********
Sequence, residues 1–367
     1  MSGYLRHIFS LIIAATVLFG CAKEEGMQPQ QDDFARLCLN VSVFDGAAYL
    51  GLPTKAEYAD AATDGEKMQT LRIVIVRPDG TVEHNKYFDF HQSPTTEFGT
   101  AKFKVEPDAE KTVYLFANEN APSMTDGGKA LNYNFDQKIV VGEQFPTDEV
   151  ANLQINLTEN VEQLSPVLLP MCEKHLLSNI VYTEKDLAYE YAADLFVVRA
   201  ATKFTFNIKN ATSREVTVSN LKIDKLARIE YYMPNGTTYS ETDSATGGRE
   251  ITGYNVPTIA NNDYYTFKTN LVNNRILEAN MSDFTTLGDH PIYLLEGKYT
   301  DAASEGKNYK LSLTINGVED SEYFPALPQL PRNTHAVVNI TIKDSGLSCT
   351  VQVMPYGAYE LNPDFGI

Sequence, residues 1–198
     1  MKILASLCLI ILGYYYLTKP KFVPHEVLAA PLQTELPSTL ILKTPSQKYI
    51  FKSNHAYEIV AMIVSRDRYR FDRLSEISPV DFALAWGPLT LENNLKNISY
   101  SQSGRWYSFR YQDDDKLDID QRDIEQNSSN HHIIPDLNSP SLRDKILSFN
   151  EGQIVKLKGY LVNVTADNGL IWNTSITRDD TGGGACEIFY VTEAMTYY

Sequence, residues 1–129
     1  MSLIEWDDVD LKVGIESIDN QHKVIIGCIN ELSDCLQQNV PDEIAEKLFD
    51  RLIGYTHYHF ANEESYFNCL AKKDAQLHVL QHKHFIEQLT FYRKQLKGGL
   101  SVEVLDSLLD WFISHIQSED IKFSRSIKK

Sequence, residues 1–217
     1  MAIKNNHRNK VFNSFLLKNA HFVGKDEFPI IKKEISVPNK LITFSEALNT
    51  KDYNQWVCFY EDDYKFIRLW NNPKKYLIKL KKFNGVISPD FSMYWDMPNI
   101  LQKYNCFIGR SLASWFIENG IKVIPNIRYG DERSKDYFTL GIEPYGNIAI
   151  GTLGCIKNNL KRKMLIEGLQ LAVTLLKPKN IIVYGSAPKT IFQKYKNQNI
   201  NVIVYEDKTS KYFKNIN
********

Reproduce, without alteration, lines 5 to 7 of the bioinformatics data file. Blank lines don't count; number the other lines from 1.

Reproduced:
   151  ANLQINLTEN VEQLSPVLLP MCEKHLLSNI VYTEKDLAYE YAADLFVVRA
   201  ATKFTFNIKN ATSREVTVSN LKIDKLARIE YYMPNGTTYS ETDSATGGRE
   251  ITGYNVPTIA NNDYYTFKTN LVNNRILEAN MSDFTTLGDH PIYLLEGKYT